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  Lucky His Name's Debatable
Year: 2018
Director: Fofo Gavua
Stars: Kumi Obuoabisa, Solomon Fixon-Owoo Jr, Buki Akiwumi, Jane Efya Awindor, Nenesenor Abloso, Papa Osei, Akofa Edjeani Asiedu, Fred Nii Amugi
Genre: Comedy, DramaBuy from Amazon
Rating:  6 (from 1 vote)
Review: Lucky (Kumi Obuoabisa) is a student in Ghana who has managed to attain a low level of fame on social media, he’s not a superstar influencer by any means, but he does get plenty of likes and repostings. What this does not translate to, however, is money: he is more or less broke, with not even the rent he needs for his apartment to his name. When his mother refuses to bail him out, he thinks he will find alternative arrangements, and turns to his best friend Wadaada (Solomon Fixon-Owoo Jr) for assistance...

After all, Wadaada is a mover and shaker who knows how to make a pretty penny when push comes to shove, and they hatch a scheme to sell an ever-so-slightly dodgy laptop to an ex-girlfriend of Lucky's, Pamela (Buki Akiwumi). In a style typical of the film - which is a comedy - she is something of a caricature of a modern young woman, for instance the reason she split up with our hero is that she went through a bi-curious phase so basically, he found her in bed with another woman, enough cause to dump her there and then.

Ghanian comedy is not the first genre that most people go to for entertainment, except presumably in Ghana, but director Fofo Gavua managed to secure some international attention for this, his debut effort, not bad going as African cinema outside of the continent did not exactly enjoy a huge following, probably thanks to it relatively meagre budgets. You may have heard of Nigeria's Nollywood, for example, but had you seen many of the films from that country of origin? So it was with Lucky, but Gavua had one big idea to make it universal.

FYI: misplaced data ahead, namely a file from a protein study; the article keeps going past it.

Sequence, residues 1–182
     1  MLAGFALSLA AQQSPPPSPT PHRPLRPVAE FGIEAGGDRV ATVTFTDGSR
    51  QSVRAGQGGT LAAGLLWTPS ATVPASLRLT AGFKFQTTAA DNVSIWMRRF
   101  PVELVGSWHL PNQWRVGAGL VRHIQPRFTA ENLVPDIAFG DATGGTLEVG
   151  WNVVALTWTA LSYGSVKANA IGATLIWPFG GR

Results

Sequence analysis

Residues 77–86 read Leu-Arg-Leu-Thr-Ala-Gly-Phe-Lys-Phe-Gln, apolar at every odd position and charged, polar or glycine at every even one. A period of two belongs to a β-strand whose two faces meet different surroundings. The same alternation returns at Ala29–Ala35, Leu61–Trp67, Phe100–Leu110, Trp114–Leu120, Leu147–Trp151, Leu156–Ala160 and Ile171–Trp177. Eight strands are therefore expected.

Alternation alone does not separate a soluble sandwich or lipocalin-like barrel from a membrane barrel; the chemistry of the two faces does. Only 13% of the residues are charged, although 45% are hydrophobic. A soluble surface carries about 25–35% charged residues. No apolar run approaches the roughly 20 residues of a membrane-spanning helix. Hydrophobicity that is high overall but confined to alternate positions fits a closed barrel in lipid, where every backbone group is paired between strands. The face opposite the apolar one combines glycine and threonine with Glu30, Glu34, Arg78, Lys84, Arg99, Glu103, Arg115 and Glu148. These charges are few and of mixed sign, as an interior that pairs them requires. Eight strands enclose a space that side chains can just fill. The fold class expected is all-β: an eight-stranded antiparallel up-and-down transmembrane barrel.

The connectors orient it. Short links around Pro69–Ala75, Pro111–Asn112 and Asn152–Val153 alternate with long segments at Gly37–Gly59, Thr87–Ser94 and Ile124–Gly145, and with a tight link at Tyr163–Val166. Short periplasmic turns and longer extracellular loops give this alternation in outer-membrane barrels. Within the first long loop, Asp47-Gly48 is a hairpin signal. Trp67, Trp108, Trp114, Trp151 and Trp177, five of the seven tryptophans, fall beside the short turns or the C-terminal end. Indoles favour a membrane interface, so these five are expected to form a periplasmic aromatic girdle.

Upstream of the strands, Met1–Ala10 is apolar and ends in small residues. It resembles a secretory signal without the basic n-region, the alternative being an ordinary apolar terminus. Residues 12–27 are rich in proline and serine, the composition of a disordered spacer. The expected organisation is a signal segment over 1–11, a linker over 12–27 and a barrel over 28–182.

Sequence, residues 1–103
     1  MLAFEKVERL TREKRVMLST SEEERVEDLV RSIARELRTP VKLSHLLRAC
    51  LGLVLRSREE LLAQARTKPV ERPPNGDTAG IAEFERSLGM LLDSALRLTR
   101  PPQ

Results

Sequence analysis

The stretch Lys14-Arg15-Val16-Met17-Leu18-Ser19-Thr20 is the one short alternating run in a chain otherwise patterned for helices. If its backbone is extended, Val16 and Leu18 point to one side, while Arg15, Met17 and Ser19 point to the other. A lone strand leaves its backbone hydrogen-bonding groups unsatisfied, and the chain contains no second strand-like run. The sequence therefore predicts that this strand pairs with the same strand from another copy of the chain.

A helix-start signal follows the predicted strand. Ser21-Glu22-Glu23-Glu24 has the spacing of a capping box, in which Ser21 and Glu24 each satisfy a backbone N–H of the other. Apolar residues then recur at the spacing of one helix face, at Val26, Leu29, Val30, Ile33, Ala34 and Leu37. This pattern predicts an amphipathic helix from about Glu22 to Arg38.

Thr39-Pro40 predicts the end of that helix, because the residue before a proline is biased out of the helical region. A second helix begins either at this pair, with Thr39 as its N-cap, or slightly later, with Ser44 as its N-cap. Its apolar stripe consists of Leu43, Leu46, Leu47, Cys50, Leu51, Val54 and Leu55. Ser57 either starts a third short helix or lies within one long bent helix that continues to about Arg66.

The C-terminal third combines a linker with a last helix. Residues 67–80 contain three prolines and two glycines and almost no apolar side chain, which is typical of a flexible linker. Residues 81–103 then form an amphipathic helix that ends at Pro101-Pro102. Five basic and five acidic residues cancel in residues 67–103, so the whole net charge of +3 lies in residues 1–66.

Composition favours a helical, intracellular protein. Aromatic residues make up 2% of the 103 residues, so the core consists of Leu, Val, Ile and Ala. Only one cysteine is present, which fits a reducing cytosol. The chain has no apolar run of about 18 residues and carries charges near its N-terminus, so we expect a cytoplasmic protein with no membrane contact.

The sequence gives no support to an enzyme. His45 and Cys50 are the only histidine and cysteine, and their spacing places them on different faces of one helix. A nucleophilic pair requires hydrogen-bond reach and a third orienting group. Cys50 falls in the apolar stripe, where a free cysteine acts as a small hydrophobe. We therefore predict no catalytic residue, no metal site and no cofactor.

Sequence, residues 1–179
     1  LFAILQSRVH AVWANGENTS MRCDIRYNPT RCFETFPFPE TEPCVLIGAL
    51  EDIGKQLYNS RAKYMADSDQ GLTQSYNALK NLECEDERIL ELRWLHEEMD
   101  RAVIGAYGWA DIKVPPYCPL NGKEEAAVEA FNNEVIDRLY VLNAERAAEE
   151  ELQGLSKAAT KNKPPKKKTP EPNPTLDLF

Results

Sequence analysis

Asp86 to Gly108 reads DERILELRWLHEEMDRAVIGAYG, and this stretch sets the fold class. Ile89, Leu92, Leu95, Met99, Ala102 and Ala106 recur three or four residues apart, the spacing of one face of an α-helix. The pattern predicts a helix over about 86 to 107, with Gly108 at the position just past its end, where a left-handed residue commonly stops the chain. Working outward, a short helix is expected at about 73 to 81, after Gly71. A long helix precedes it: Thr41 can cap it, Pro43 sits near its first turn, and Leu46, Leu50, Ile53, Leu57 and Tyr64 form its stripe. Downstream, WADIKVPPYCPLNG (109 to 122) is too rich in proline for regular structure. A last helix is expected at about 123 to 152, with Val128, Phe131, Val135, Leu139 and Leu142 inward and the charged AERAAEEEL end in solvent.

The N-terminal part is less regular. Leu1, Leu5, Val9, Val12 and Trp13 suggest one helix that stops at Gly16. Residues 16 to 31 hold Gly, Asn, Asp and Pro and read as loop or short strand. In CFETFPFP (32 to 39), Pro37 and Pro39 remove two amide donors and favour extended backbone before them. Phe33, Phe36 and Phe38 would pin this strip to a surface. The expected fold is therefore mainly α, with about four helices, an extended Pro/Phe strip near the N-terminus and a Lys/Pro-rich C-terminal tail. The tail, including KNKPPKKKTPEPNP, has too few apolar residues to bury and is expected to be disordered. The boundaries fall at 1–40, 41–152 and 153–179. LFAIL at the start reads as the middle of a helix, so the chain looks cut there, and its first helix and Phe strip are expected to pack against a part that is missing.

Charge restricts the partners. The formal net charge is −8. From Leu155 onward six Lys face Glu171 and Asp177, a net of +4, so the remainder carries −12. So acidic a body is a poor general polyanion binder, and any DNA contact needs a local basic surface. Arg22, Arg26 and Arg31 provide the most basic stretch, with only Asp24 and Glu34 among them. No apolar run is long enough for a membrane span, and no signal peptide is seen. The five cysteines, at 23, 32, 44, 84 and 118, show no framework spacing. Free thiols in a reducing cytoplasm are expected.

That was the mobile phone, a technological phenomenon that had spread across the globe like wildfire and the preponderance of characters staring at or typing into their little screens was so common in this movie that you imagine most watching it would be able to relate. If you spend most of your waking life with phone in hand, checking your messages or seeing how many likes you have amassed, you would recognise yourself in the behaviour of these folks, who were frankly addicted to the online world. A telling scene early on saw Wadaada dutifully listening to his father on the subject of religion...

But Wadaada and his generation have their own religion, their worldwide cult of technological self-obsession, and this appeared to be the point of the exercise, relatively brief as it was, to show how much the phone culture had affected relationships and interaction. When Lucky gets a date with Nuttifafa (Jane Efya Awindor), who is a hundred times more influential online than he will ever be, it is the phones that hook them up, and the phones that will ultimately be their undoing, though there are other factors as well, as the protagonist does not live up to his name. Interestingly, the British character is shown to be a gangster far too keen to pull a gun on people, but as noted, most of characters here were depicted as figures of fun until a bizarrely violent ending that felt out of place with the comparatively lightness of what went before. So, not hilarious, but full of energy nonetheless. Not to be confused with Harry Dean Stanton's swansong.

[Lucky is released on digital platforms May 10th 2021.]
Reviewer: Graeme Clark

 

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